St. Charles' Tiffany Taylor Receives National Science Teaching Award - Southern Maryland Headline News

St. Charles' Tiffany Taylor Receives National Science Teaching Award


Tiffany Taylor, a chemistry teacher at St. Charles High School. Tiffany Taylor, a chemistry teacher at St. Charles High School.

LA PLATA, Md. (Feb. 11, 2016)—Tiffany Taylor, a chemistry teacher at St. Charles High School, was recently named a recipient of the National Science Teachers Association (NSTA) Robert E. Yager Foundation Excellence in Teaching Award. The award is given annually to six science teachers nationwide who demonstrate excellence in teaching and innovation in the field of science education. Eligible awardees include science teachers who work with students in grades kindergarten through 12.

Taylor has been teaching with Charles County Public Schools for the past five school years and started her career at Mattawoman Middle School, where she taught life and physical sciences. She transitioned to the high-school level in 2014 when St. Charles High School first opened for students. Taylor said she is humbled by her selection for a national award.

“I never thought I would be chosen for a highly sought after National award. Not because I am a poor educator, but because the pool of great teachers is so large. It goes to show, even after 11 years of teaching, that the only way you won’t get something is to do nothing,” Taylor said.

As an award recipient, Taylor was invited to attend the NSTA’s National Congress on Science Education in Denver this summer to present. During the Congress, she will be honored during a formal award presentation ceremony. The award honors Robert Yager, a retired professor of science education at the University of Iowa and the Iowa Academy of Education who spent his career advocating for science education, inquiry-based teaching methods for students and making science education accessible for all students.

Recipients are selected by an awards committee based on criteria that includes excellence in the field of science education; effective planning and presentation skills; the ability to motivate and challenge students; proficiency in science education; participation in professional growth and leadership roles; and demonstrated support of the next generation science standards.

Taylor’s career in science education started in a Prince George’s County Public Schools Biology classroom in 2005. It was her first year as a teacher after a career change from working in a pharmaceutical lab and Taylor said she used experiences from her former career to connect her students with classroom content. “My experiences opened the door to their curiosity about Biology and thus engaged their desire to learn more, even beyond the walls of the classroom,” she said. One of her priorities as a teacher is to engage the curiosity of her students through science. To support this goal, Taylor incorporates technology into her lessons and provides students with access to several hands-on activities so they can learn by doing.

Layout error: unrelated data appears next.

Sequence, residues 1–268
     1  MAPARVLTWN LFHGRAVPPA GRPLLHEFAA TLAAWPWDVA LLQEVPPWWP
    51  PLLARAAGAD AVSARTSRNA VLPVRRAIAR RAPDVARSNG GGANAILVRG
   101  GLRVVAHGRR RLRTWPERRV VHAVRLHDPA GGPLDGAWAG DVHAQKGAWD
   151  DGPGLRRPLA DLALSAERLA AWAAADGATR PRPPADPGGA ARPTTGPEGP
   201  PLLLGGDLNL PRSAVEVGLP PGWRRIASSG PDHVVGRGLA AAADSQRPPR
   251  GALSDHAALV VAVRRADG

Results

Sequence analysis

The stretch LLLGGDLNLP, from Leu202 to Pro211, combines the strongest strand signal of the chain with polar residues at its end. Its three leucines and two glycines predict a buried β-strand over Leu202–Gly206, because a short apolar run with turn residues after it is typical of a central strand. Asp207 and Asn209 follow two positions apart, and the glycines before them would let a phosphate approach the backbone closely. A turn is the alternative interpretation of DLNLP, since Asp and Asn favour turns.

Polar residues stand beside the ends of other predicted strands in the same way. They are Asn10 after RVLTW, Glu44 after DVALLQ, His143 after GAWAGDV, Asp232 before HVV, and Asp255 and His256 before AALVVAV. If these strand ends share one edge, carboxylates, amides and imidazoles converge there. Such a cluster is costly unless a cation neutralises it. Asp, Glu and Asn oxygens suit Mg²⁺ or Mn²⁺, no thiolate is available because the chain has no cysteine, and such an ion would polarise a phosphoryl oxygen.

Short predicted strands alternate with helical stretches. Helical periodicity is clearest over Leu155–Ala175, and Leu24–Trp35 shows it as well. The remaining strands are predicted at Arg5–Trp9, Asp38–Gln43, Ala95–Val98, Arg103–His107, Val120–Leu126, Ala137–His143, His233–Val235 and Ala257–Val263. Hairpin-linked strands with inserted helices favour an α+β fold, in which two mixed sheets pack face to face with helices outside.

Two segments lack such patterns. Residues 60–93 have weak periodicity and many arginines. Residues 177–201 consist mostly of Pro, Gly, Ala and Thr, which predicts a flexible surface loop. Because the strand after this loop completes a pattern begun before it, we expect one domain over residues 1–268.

She attends workshops at NASA Goddard Space Flight Center and uses her experiences to develop activities for her classes. She recently went to a workshop at the Milwaukee School of Engineering to learn about molecular modeling and three-dimensional printing. Taylor incorporated what she learned in to a lesson on molecular designs in which students had to present on the biological action of a molecule based on its structure.

These activities help support another goal Taylor has as a teacher: building student engagement. “All of these experiences of enriching students’ learning with hands-on and inquiry activities has allowed me to increase my students’ engagement in the sciences. By presenting them with these opportunities, we can then have more in depth conversations about content in the classroom,” she said.

Taylor applied for the award earlier this school year and received several letters of recommendation from colleagues in support of her application. Monique Wilson, director of the James E. Richmond Science Center, first met Taylor when she was teaching at Mattawoman. In her letter of support for Taylor’s application, Wilson describes her as an enthusiastic teacher who puts the love of student learning at the forefront of all that she does.

“In the classroom Miss Taylor motivates and challenges her students. Over the years, she has shown enthusiasm, extreme content knowledge and the love of students and learning. She integrates music, robotics and poetry to stimulate her students, and expects them to speak and work like a scientist. In the classroom Miss Taylor motivates and challenges her students,” Wilson wrote.

Taylor will also receive a $1,000 award, travel expenses toward attending the NSTA National Congress on Science Education and a plaque. Taylor has a bachelor’s degree in Biology and a master’s degree in curriculum and instruction with a concentration in educational technology. In 2014-15, Taylor served as a science, technology, engineering and mathematics (STEM) cohort at the NASA Goddard Space Flight Center in which she worked with other teachers to build lessons for use by the Maryland State Department of Education.

In 2015, Taylor attended a Modeling the Molecular World workshop at the Center for Biomolecular Designs at the Milwaukee School of Engineering and worked with biochemists. She is also active in the American Chemistry Society as a ChemClub Sponsor and received a Hach Professional Development Grant from the organization last year.

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